Seares: Ahong Chan’s ‘imports’ at Lapu-Lapu City Hall: Unusual but not prohibited

TWO from Mandaue City: the city administrator and the city legal officer. Two from Cebu City: the disaster risk reduction chief and the anti-substance abuse head. And one from the Cebu Capitol: the public information officer.

The common element is that they are experienced in their respective fields. But they are outsiders, non-natives of Lapu-Lapu City. And they will be working at Lapu-Lapu City Hall starting July 1 for incoming mayor Junard “Ahong” Chan, the man who politically slew the patriarch of the Radazas who have controlled the island city for decades.

Danilo Almendras, city administrator of outgoing Mandaue Mayor Luigi Quisumbing, had also served as Cebu City Hall manager in the 1990s. James Sayson is Luigi’s city attorney. Nagiel Bañacia was Mayor Tomas Osmena’s publicist before his current work on disaster response. Garry Lao was a barangay official-news reporter before he was tapped as head of Cebu City’s anti-drug abuse office. And Oscar Pineda was news reporter covering local governments before he served as public information officer for the Capitol.

A bit of trivia common to all five “imports”: their bosses lost in the May 13 elections and they too, being holders of confidential co-terminous positions, lost their jobs. Almendras’s and Sayson’s mayor, LQ, was ousted by the congressman, Jonas Cortes. Bañacia’s and Lao’s mayor, Tomas Osmena, was drubbed by the vice mayor, Edgar Labella. And Pineda’s candidate for governor, Agnes Magpale, was defeated by the congresswoman, Gwen Garcia, although Gov. Junjun Davide, who slid down to the position of vice governor, won.

What it means

But what does bringing in “outside talent” tell us of incoming Mayor Ahong’s team?

Apparently, the group that worked for or actively supported Chan during the campaign didn’t have enough people to fill the key posts at Capitol. Ahong didn’t have a deep bench of talents. Having served mostly as barangay captain, he didn’t have aides who could, say, manage the city or run its major departments.

Another factor is that he was not perceived as the winner. To some Lapu-Lapu City watchers, Ahong’s win was, at best, an upset; at worst, a fluke. Team Libre’s political machinery didn’t come close in efficiency to that of its rival Team Deretso of the entrenched Radaza clan. Worse, Ahong’s bid was hounded by his initial disqualification, which Comelec officially cleared up just a few days before May 13, election day. And the opposition--though running under PDP-Laban, the national party--was, as in past elections, hopelessly divided.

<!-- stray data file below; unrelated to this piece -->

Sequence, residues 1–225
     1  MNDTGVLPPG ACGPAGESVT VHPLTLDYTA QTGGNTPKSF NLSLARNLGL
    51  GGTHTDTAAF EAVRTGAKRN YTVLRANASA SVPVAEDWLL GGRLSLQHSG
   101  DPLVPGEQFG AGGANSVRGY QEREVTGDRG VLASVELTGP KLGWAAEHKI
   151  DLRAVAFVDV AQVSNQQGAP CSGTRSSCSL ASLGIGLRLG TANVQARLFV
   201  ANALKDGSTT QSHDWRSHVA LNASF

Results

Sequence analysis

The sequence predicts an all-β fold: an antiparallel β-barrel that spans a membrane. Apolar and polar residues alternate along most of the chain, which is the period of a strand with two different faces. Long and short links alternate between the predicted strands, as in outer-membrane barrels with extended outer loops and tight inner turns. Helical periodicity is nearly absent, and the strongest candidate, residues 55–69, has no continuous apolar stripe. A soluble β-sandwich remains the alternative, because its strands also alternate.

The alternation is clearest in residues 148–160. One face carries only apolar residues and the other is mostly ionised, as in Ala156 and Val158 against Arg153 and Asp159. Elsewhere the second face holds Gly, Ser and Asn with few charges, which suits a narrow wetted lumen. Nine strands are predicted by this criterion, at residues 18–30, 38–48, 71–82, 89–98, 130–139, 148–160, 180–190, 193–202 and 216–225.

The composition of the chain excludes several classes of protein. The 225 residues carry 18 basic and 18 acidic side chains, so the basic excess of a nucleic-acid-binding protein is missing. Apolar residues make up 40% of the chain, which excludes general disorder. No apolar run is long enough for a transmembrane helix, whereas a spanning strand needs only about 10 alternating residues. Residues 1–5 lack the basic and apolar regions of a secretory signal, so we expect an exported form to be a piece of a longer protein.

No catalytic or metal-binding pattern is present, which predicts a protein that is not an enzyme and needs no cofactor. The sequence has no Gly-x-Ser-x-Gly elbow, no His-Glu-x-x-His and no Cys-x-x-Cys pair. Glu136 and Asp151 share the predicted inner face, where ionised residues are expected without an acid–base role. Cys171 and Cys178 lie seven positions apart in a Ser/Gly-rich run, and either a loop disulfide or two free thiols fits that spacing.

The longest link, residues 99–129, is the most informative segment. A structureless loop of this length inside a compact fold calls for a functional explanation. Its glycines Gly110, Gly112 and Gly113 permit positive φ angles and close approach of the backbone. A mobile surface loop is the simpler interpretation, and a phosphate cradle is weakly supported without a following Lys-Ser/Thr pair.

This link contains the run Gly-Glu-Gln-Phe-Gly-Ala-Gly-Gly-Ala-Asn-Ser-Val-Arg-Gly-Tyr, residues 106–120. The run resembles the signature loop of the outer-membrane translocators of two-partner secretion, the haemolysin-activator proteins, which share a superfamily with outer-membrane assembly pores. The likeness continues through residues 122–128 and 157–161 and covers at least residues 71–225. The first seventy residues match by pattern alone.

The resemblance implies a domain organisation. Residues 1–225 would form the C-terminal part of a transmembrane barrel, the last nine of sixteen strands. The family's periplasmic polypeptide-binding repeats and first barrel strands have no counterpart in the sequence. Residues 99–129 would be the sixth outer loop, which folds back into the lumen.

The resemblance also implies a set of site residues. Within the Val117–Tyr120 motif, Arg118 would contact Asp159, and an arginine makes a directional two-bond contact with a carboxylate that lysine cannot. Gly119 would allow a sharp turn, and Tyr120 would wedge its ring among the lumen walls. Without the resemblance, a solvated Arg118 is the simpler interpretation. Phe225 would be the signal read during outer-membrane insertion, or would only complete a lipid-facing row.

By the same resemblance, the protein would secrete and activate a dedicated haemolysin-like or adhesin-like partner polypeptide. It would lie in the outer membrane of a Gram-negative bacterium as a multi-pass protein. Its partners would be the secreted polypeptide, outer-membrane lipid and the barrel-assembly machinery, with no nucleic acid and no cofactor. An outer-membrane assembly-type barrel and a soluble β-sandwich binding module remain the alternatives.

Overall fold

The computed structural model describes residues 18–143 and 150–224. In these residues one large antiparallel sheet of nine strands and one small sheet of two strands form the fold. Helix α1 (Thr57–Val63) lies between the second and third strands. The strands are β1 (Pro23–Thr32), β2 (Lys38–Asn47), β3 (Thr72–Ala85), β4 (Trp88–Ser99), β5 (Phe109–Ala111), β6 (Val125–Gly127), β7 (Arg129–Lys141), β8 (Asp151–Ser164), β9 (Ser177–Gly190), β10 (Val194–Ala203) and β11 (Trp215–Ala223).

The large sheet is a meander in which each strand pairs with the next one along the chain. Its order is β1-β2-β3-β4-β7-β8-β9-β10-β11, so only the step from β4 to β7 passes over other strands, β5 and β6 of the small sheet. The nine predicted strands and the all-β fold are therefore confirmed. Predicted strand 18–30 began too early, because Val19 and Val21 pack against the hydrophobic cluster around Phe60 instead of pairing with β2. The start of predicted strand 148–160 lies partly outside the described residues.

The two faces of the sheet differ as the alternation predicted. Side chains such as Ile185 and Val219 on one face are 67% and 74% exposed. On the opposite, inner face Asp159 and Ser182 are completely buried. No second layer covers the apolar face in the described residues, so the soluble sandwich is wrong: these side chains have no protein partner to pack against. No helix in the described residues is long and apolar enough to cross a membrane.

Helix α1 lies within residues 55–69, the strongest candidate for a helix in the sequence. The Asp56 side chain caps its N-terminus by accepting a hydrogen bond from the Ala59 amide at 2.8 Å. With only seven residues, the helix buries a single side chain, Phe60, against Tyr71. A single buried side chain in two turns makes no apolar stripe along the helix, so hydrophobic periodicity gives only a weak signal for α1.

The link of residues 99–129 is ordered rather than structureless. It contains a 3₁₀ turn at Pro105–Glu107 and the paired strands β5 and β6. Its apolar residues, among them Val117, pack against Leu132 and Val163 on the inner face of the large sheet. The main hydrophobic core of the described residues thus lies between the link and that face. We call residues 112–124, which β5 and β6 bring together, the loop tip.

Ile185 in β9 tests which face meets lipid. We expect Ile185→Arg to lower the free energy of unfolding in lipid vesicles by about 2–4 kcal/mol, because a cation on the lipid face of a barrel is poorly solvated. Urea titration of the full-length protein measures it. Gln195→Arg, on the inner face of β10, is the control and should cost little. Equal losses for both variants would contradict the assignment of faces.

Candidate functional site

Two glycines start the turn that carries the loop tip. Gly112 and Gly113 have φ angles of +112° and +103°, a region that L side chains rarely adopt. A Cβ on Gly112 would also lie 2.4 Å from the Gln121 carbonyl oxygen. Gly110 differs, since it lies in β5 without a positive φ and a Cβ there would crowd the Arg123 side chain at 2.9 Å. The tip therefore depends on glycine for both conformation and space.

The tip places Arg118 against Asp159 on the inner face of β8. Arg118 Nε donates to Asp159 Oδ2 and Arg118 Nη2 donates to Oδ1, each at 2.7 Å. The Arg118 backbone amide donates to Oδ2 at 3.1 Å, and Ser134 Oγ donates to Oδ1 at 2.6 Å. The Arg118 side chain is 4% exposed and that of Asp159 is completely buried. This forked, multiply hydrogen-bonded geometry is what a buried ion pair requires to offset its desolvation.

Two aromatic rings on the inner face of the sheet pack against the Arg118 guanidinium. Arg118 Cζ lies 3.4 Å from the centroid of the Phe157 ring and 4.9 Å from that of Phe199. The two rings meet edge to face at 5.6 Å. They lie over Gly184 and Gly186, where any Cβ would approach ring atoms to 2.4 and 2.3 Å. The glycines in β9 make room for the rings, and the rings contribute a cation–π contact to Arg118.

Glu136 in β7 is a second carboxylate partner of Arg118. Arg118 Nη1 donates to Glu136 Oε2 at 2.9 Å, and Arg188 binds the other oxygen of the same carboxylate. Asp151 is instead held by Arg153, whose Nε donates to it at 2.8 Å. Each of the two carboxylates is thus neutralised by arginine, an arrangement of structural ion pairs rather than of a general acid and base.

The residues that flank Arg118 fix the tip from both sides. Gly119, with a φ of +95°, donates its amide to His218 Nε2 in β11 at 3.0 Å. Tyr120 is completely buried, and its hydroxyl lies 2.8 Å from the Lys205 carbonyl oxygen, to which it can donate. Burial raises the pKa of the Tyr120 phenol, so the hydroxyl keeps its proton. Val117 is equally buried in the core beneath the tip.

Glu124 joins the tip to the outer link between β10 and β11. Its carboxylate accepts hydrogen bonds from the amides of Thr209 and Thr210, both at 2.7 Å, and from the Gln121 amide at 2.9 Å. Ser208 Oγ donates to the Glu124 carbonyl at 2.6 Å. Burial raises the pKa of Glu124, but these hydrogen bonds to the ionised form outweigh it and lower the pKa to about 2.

Unprepared for victory

Chan won by 19,868 votes, which must have surprised everyone, including Ahong and his camp. The element of the unexpected must have also contributed to the new mayor’s decision to look for personnel timber elsewhere. And this: Not to fire anyone in the City Hall work force, at least not immediately. All indicate seeming unpreparedness for the victory, worsened by one bitter offshoot: the reported threat of Radaza loyalists not to report for work starting July 1.

Bias against the incumbent apparently helped bring about the toppling of the Radazas at City Hall. Not a wipeout though. The clan still occupies Lapu-Lapu’s lone congressional seat, with Mayor Paz Radaza switching coats of power and replacing her daughter Aileen. And Chan’s fight is not over.

All the help he can get

He faces the prospect of having a combative City Council and an uncooperative civil service, whose employees still have to learn to shed off their loyalty to the Radazas and work diligently for their local government, whoever the elected mayor is.

Even before Day 1 of Chan’s term, his rivals are already licking wounds and preparing for the next battle.

Ahong obviously needs all the help he can get, even from those with no roots in, or affinity to, the city.


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